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communities are without stations, but their people use the rail service. Canvey Island has 44,000 people, and 3,000 of them have to travel off the island to get on a train to travel to London to work each day. Only 600 people a day use the terminal at Shoeburyness on the same line, so we could afford a new station on Canvey Island, with a spur line linking it to Pitsea down Canvey way. It would be quite cheap, it would make a lot of environmental sense, and it would help to regenerate the community of Canvey Island.

It is dangerous and unacceptable that hundreds of people must stand when they travel into work—in my case for 40 minutes each way each day. We would not transport animals in that way, so why do we expect my constituents and those of my hon. Friend the Member for Shrewsbury and Atcham (Daniel Kawczynski) to do so? I ask the Minister to consider ways in which we can positively encourage schemes such as the Canvey Island rail spur and station and enable them to be realised. It is an environmental and economic no-brainer. I also call on Thames Gateway London Partnership, a massive quango that should be improving local infrastructure and the economy for our communities, to shift its focus from yet more building to community regeneration. That would be a jolly good start, too.

11.53 am

Kelvin Hopkins (Luton, North) (Lab): It is a pleasure to follow those hon. Members who made fine points and, knowing your interest in railway matters, to see you in the Chair, Mr. Martlew.

I congratulate the hon. Member for Southport (Dr. Pugh) on raising the debate. Some important points have been made. I want to be more specific about the Stern report, about the urgency with which we must address the CO2 problem and about what transport, and rail in particular, can do. Statistics from the Department for Transport show that inter-city rail travel emits one fifth of the CO2 grams per passenger kilometre that car travel emits and one tenth of that of short-haul air travel.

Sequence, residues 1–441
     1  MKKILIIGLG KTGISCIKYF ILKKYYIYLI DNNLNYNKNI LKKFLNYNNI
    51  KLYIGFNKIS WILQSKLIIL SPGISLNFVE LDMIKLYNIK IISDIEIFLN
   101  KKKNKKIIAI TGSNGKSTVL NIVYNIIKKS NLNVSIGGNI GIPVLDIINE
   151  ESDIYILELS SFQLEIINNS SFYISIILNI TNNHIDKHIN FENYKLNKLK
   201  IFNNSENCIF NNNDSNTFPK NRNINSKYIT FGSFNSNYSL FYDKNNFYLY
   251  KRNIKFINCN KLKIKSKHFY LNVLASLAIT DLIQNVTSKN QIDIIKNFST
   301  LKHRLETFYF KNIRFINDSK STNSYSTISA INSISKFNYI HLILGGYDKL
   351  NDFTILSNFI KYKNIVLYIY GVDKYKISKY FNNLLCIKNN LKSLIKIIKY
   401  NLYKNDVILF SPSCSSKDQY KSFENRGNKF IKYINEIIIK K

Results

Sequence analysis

We have not touched on the role of the rail freight sector. The grams per tonne kilometre emitted by rail freight compared with that emitted by heavy goods vehicles on the roads is a factor of 10. Rail freight transport emits one tenth the CO2 of road freight transport. Our rail system lacks capacity for passengers and for freight, so we must have more investment.

My hon. Friend the Minister knows that I want to consider large schemes, and I urge the Government to consider them, too. Some ideas for passenger rail transport are unfeasible. A new greenfield route would be horrendously expensive and it would not be the way forward. Making the best use of existing north-south corridors for passengers is the way to proceed, but to do so we must take freight off those lines and upgrade them so that they can run more and faster passenger trains. To do that, we need a new rail freight route that runs down the backbone of Britain, from Glasgow to the channel tunnel.

The opportunity exists. I am involved in a scheme—I have not a pecuniary interest, but an enthusiasm to drive the idea forward—for a new rail freight line from Glasgow, linking all major industrial areas of Britain